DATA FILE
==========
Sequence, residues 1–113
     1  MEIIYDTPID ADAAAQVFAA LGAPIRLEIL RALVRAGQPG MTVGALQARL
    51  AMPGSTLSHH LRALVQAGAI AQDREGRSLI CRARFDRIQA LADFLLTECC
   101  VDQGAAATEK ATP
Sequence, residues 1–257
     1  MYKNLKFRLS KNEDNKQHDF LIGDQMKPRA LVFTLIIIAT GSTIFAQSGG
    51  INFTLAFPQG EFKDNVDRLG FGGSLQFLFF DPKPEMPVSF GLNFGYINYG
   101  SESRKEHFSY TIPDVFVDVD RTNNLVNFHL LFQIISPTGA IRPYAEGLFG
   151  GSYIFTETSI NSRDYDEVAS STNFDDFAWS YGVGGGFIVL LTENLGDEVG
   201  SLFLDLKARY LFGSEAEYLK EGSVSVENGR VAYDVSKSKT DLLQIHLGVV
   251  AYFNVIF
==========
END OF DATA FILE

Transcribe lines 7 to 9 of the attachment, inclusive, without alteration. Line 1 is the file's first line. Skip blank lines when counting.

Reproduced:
    51  INFTLAFPQG EFKDNVDRLG FGGSLQFLFF DPKPEMPVSF GLNFGYINYG
   101  SESRKEHFSY TIPDVFVDVD RTNNLVNFHL LFQIISPTGA IRPYAEGLFG
   151  GSYIFTETSI NSRDYDEVAS STNFDDFAWS YGVGGGFIVL LTENLGDEVG